Wordsworth’s Wishing-Gate

Colour illustration of a lake and hills at Grasmere, including the wishing-gate

Contributor: Jeff Cowton

Location: The old Grasmere – Rydal Turnpike Road, Grasmere

Description: ‘Wordsworth’s Wishing-gate’, and what remains of it, tells a paradigmatic Romantic story of literary tourism in the heart of the English Lake District in the mid nineteenth century.

By the middle of the nineteenth century, literary pilgrimages around Britain were already popular with tourists from home and abroad. As Nicola J. Watson writes: ‘The French poet and scholar Auguste Angellier remarked on the huge numbers of literary pilgrims who came to Britain from the four corners of the world to pay homage to the country’s writers.’ From the 1820s, such tourists came to the Lakes in search of Wordsworth: the man himself and the places associated with his poetry. ‘Strangers’, as tourists were then addressed, were encouraged by published guidebooks to call on the poet at his Rydal Mount home for personal tours of his garden. An image showing Wordsworth standing in his library was included in a popular set of prints in the 1830s; by the 1850s his name was synonymous with the area: ‘Wordsworth Country’. One particular place of pilgrimage was ‘The Wishing Gate’, a humble farm gate on the old turnpike road overlooking Grasmere lake, just five minutes’ walk from Dove Cottage which the Wordsworths had made their home between 1799 and 1808.

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The Hellespont

Image of The Hellespont. A hilly horizon with blue water below and blue sky above

Contributor: Catriona Seth

Location: Turkey

Description: The name ‘Dardanelles’ might make you think of a busy shipping canal or of the site of a deadly First World War campaign. The ‘Hellespont’, which refers to the same body of water, might lead you to Hero and Leander’s sad story, recounted in classical sources, but also revived by Christopher Marlowe in 1598)or by Leigh Hunt in 1819. Both terms refer to a single strait. At its narrowest—where its currents are extremely strong—it is 1.2 kilometres across. Whilst it was made famous in myth and in history for tragic deaths, the site is also important for having offered Byron an occasion to accomplish a seemingly heroic act—swimming safely across—and to use this as an occasion for self-publicity which tells us something about how he viewed himself as an individual and as an author.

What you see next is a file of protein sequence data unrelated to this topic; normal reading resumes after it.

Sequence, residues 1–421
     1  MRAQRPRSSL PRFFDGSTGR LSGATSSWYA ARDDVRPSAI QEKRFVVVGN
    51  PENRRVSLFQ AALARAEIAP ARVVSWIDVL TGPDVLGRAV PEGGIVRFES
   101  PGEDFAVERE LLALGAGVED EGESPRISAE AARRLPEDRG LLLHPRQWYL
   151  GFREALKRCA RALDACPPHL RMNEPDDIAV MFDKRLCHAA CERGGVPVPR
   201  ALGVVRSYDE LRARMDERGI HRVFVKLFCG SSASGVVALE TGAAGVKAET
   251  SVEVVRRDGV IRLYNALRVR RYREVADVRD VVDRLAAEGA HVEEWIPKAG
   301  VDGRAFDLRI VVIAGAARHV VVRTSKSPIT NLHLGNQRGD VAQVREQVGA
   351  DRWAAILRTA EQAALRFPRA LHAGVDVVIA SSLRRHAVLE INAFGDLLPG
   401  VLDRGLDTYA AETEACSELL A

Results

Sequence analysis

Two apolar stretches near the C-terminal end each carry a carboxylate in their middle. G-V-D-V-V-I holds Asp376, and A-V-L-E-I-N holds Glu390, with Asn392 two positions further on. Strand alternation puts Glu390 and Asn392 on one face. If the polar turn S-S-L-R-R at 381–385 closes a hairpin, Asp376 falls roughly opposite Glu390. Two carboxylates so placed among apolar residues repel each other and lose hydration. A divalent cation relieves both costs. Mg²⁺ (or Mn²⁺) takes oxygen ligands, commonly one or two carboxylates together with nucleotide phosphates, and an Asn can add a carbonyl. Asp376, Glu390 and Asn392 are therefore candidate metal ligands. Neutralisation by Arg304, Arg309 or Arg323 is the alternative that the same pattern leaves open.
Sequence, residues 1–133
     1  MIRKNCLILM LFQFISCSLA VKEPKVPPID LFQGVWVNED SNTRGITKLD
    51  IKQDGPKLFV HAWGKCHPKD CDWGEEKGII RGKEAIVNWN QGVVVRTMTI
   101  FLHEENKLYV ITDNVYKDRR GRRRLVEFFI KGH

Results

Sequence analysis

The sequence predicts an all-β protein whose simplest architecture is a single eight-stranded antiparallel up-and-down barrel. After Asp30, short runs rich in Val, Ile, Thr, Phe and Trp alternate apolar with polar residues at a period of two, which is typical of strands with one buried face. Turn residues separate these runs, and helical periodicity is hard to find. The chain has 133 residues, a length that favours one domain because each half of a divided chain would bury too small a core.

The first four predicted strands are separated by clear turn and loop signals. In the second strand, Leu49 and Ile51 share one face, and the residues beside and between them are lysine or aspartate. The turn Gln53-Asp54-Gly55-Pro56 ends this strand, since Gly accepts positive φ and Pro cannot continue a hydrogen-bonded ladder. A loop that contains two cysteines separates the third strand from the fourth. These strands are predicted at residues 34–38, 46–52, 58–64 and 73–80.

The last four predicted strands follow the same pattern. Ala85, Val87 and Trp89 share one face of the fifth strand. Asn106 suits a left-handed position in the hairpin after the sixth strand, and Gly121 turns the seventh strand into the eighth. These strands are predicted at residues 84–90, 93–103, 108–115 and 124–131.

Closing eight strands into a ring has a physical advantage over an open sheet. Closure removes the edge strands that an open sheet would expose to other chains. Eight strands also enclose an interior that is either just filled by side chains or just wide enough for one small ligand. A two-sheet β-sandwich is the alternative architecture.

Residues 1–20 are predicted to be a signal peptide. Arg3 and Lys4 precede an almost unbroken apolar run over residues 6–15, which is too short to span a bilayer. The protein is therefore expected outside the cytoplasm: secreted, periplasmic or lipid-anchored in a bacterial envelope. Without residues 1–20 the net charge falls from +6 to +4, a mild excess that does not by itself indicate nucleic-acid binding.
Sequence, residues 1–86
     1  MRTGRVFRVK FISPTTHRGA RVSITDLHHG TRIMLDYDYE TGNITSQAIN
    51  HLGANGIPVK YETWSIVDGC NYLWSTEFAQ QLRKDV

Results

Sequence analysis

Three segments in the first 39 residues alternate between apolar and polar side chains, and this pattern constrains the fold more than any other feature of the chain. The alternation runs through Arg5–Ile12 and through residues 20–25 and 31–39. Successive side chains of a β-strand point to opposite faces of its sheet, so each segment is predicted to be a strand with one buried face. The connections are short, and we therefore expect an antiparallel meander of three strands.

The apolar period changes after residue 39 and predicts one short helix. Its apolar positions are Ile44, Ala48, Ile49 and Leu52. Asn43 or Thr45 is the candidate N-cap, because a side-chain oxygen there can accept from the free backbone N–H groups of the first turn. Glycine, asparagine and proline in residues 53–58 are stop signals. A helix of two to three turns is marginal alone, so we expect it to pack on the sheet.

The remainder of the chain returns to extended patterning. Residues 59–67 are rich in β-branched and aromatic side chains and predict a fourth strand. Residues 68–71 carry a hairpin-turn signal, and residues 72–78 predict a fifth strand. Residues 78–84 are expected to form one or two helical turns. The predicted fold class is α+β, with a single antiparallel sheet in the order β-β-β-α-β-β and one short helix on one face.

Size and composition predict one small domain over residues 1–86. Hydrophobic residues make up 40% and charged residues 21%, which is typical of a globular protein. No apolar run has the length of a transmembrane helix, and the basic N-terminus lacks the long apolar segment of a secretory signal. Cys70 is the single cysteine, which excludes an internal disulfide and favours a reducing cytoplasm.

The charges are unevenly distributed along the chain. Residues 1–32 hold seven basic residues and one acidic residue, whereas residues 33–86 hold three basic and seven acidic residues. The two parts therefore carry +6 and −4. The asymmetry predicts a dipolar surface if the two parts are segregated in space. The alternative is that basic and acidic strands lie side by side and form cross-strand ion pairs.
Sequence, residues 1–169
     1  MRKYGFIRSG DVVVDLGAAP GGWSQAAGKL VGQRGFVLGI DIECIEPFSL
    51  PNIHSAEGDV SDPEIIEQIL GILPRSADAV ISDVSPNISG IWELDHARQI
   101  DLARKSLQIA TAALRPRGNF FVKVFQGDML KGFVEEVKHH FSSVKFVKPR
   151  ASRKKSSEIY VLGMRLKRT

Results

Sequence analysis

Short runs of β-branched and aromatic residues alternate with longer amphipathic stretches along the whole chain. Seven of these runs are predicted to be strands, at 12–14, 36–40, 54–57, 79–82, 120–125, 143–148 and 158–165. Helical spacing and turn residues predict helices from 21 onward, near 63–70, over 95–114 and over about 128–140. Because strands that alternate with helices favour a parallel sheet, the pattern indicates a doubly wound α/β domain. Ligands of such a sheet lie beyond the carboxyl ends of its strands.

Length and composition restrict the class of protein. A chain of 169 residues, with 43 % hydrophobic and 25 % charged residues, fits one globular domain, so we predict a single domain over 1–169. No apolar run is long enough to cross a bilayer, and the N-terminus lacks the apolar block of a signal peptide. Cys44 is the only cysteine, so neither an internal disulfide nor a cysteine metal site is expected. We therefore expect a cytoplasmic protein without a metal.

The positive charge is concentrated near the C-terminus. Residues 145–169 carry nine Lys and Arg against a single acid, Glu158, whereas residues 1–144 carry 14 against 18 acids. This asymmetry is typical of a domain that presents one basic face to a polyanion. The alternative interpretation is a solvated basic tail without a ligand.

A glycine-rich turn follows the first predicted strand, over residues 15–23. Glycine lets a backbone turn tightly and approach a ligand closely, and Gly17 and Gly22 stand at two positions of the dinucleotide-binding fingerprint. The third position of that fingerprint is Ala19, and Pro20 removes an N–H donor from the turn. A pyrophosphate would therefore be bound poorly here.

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Victor Hugo’s House in Pasaia

Black and white photograph of a house

Contributor: Juan Manuel Ibeas-Altamira

Location: Pasaia, Spain

Description (English): On July 18th 1843, Victor Hugo set out on his customary annual summer trip. With Juliette Drouet he headed for Gavarnie, Luz and Cauterets. The head of the French Romantics took notes on the way. As he crossed the border he was remembering the Hugo family’s previous stay in Spain: a trip towards the exotic was also a return to childhood.

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Memorial to Giustiniana Wynne in Angelo Quirini’s Garden

Contributors: Rotraud von Kulessa and Catriona Seth

Location: Unknown (probably destroyed), Italy

Description: Giustiniana Wynne (1737-1791) was a true cosmopolitan from the moment of her birth in Venice, to a ‘Greek’ local woman (born in Lefkos) and an English baronet. The list of her friends and lovers reads like a Who’s Who of the republic of letters from her ‘caro Memmo’, the Venetian patrician Andrea Memmo (1729-1793) who was her first love in the 1750s, to the young William Beckford (1760-1844) when he was touring Europe, 30 years later. She was briefly betrothed to the wealthy French Fermier-Général La Poupelinière (1693-1762). The adventurer Giacomo Casanova (1725-1798) recounts in his Memoirs how he failed to help her abort an illegitimate child but tricked her into having sex with him. She married the elderly Austrian ambassador to the Serenissima, Count Orsini von Rosenberg (1691-1765) and once widowed spent much of her time during her final years with Senator Angelo Quirini (1721-1796). Her literary collaborator was sometime government spy Bartolomeo Benincasa (1746-1816). She entertained the poets Melchiore Cesarotti (1730-1808) who reviewed her 1788 novel Les Morlaques, and Ippolito Pindemonte. Lady Mary Wortley Montagu and Leopold Mozart are amongst those who refer to her in their letters.

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A Lock of Goethe’s Hair

A lock of hair framed with a portrait in an oval, gold frame.

Contributors: Nick Hearn and Susan Reynolds

Location: Taylor Institution Library, Oxford, UK